The Kawasaki KLR 650 – Join The KLR Kult!
On road or Off road the KLR 650 will take you where you want to go
Kawasaki began selling the KLR 650 in1987 and changed the bike very little until 2008. The second generation KLR 650, while not earth shattering, did bring some much-needed upgrades. Better wind protection and suspension being the biggest changes. Even with the changes made in 2008, the KLR 650 is a “dinosaur” in the motorcycle world and yet it's still one of Kawasaki’s best selling motorcycles.
Why has the KLR 650 lasted so long and why has it reached cult like status among the thousands of KLR 650 riders worldwide?
It’s an affordable adventure motorcycle: With the price of most adventure motorcycles well north of $12,000, the KLR is a bargain with a price tag under $7,000 for a new one. Then again with so many KLR’s out there, a low mileage used one can be found for even less. Add to the price, a 6.1-gallon (23 liter) gas tank and a manageable weight, the KLR 650 has a great range and is easy to take down most dirt and gravel roads.
My friend Paul camping with his 2007 KLR
It’s simple and reliable: With a near bullet proof, single cylinder engine, basic electronics and a design that most back yard mechanics can work on easily with a few tools and a shop manual, you can travel with confidence on your KLR. If it does break down, parts are readily available just about anywhere in the world and if you are unable to fix it yourself, there’s a good chance someone close by will.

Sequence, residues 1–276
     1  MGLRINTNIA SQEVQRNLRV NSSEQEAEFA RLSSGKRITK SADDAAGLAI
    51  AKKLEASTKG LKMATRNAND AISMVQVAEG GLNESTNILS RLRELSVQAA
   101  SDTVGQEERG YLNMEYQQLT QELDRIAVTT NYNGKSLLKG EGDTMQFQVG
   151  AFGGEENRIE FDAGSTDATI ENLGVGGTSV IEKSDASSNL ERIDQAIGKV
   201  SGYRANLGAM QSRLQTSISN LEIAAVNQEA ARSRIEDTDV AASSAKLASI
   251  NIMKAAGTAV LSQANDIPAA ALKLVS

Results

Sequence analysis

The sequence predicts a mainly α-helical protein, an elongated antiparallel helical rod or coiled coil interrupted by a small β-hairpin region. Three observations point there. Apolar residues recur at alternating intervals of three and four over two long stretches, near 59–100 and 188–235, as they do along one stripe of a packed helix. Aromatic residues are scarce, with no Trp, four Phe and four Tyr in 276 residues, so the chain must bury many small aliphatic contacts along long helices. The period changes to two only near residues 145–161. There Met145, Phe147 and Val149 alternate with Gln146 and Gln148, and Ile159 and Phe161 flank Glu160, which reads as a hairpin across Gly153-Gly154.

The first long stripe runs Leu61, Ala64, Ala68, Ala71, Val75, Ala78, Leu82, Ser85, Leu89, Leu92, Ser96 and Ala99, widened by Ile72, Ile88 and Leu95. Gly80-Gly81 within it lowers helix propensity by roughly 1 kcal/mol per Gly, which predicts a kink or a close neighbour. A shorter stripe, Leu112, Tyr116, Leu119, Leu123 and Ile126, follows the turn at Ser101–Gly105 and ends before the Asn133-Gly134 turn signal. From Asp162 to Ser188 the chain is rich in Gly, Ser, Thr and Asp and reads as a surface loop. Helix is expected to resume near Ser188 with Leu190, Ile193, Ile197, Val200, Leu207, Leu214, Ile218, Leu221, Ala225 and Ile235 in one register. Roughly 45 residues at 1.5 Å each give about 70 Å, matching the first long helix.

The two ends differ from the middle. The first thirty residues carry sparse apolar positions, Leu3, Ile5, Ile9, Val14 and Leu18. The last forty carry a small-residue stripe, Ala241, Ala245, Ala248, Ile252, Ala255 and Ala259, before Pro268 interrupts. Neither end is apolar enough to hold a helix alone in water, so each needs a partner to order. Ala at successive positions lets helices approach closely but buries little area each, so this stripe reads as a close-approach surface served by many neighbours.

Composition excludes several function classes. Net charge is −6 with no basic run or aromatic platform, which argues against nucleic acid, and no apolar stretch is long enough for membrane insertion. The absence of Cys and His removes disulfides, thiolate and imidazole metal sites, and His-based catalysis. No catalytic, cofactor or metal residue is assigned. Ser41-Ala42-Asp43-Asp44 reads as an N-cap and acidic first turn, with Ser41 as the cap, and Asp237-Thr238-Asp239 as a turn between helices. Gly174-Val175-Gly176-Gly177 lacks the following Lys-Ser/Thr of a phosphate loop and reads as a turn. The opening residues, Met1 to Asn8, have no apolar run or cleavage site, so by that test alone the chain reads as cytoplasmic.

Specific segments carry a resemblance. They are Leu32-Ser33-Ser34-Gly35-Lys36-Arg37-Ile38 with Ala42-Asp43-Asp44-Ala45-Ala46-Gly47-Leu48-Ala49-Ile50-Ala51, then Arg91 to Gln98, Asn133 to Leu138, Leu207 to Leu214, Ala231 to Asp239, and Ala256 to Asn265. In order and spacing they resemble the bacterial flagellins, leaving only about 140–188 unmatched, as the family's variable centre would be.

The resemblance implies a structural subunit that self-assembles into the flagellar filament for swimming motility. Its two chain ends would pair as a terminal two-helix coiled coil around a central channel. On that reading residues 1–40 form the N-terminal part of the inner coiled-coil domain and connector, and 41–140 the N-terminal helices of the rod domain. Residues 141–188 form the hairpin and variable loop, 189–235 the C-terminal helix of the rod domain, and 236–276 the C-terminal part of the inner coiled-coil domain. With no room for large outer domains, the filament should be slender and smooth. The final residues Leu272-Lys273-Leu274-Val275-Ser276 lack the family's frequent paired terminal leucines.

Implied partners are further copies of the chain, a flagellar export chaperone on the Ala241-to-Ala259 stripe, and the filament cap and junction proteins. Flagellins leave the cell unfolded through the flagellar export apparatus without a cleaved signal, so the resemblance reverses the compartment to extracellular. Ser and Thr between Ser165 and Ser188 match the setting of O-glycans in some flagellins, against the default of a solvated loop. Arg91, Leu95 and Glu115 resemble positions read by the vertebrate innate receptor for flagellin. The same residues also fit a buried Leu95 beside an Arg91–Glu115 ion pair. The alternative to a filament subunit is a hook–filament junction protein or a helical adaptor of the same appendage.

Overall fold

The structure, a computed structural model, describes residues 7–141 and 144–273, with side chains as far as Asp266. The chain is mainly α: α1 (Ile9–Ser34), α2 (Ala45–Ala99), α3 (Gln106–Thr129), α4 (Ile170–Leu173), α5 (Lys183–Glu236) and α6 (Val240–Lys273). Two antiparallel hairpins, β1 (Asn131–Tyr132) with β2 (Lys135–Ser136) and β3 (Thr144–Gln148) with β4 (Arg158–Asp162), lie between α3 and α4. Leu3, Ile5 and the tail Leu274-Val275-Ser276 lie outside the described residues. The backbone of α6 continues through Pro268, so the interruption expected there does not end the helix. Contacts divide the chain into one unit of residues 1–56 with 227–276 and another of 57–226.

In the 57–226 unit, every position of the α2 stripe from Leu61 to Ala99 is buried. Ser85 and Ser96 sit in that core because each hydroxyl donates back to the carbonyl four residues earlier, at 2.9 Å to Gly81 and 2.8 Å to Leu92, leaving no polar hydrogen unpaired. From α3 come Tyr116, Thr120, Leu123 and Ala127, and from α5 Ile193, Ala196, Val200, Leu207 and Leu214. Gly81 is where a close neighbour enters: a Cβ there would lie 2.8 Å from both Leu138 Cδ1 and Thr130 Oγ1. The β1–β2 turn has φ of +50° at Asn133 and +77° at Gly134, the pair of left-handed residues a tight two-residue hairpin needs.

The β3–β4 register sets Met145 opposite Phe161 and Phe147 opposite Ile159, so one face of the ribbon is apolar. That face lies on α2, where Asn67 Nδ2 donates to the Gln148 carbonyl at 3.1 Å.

Aftermarket Upgrades: I’ll be so bold as to say that the mighty KLR has more aftermarket part available for it then are available for Harley Davidson’s. Outside of a dealer showroom, you’ll have a difficult time finding two KLR’s that are alike. Owners have done everything from building supermotos, daily commuters, street trackers and full on Around The World touring machines out of the KLR.
Well placed aftermarket parts with more to come.
The Horsepower Paradox: The KLR has a whopping 35 hp – 38 hp depending on whose numbers you go by. With some modifications to the air box, the addition of an aftermarket exhaust pipe, engine upgrades and carburetor modification, it’s possible to get a few more ponies out of the engine package. With all of that, the KLR will still fall short of the more expensive motorcycles and yet it uses all of its power wisely and is fun. I own two other motorcycles with over 100 hp and torque enough to roast the rear tires and my KLR still makes me smile.
The Kawasaki KLR Kult has a strong following and will likely keep Kawasaki building the motorcycle for a few more years, at least. Join us!
Dream Your Ride